35. 35. Examples of V/PDsConstruction Personnel Surface Incident, June 2009Two personnel with a paint crew working on the apron, walked across the non-movement area boundary marking without ATC clearance resulting in a V/PDsurface incident. The paint crew did not receive any ground vehicle/pedestriantraining and was being escorted by a trained individual who left the paint crewalone when the V/PD occurred.When escorting personnel and vehicles on the movement area, do not leavethem alone at any time. 35
    36. 36. Examples of V/PDsConstruction Vehicle Runway Incursion, December, 2007Runway 16/34 is closed and under construction. Taxiway A has beentemporarily converted into Runway 17/35. A construction vehicle (Chevy pick-up truck) originating from the closed runway, proceeded via Taxiway Delta toRunway 17 without any communications with the tower. The vehicle enteredthe runway at high speed, as a Beech BE99 was just passing Taxiway D onlanding roll out Runway 17. The controller stated that it just missed the tail ofthe aircraft and the vehicle turned northbound on the runway. According toArpt Mgr, the intersection is properly signed and marked and the contractorinformed him that all were trained.This runway incursion by a construction vehicle almost resulted in a collisionwith an aircraft. 36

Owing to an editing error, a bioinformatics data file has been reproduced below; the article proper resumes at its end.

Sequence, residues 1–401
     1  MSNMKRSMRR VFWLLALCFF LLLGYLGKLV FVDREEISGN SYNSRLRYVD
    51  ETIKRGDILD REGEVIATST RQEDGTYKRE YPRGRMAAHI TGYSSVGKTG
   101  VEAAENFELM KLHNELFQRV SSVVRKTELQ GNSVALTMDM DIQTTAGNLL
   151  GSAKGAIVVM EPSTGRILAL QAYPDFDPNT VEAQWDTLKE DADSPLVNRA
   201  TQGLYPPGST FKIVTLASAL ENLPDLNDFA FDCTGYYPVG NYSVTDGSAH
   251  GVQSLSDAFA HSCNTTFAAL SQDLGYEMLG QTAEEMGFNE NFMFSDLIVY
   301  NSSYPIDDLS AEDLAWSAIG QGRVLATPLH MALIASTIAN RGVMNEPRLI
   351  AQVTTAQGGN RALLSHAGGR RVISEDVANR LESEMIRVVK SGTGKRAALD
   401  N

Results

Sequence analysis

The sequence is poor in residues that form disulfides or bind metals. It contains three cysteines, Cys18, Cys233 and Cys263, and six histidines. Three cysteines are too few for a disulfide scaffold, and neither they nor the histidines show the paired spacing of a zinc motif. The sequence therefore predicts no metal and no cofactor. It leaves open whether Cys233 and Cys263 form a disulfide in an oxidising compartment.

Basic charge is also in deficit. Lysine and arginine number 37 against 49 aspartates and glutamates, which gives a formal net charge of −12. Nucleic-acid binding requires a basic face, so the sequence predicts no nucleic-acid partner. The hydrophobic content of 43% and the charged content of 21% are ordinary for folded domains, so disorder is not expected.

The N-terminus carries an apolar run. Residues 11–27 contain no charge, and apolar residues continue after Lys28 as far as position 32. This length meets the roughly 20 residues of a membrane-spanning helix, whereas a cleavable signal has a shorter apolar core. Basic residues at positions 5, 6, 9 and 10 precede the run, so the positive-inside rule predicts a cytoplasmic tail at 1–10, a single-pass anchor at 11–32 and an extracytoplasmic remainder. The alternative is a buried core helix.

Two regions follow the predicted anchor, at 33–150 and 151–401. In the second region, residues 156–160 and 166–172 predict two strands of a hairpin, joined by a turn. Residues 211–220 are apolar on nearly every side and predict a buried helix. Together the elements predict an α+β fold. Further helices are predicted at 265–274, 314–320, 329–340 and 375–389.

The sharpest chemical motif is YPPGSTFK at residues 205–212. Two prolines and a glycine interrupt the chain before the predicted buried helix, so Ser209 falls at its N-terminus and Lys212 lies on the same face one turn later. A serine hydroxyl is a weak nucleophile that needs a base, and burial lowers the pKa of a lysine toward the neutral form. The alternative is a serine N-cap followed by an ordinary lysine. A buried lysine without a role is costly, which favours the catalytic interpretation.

37. 37. V/PD Surface IncidentJune 11, 2009 – During an apron rehab project, the consultant Engineer’s Inspector wasescorting a paint crew on the apron and adjacent Taxiway Alpha. The Engineer’sInspector left the paint crew on the apron unescorted while he coordinated work activitywith the FBO. During the time he was at the FBO, two of the paint crew walked acrossthe non-movement area boundary marking without ATC clearance, resulting in a V/PDsurface incident.
    38. 38. V/PD Surface Incident Taxiway Alphacrossing point with Flag personnelJuly 24, 2009 – After being cleared to proceed across active Taxiway Alpha by a flagperson, a contractor employee turned right and drove down the active portion of TaxiwayAlpha without ATC clearance. A different phase of the Taxiway Alpha reconstructionproject went into effect July 20th and the construction employee did not receive trainingfor the new phase of the project. That portion of Alpha had previously been closed.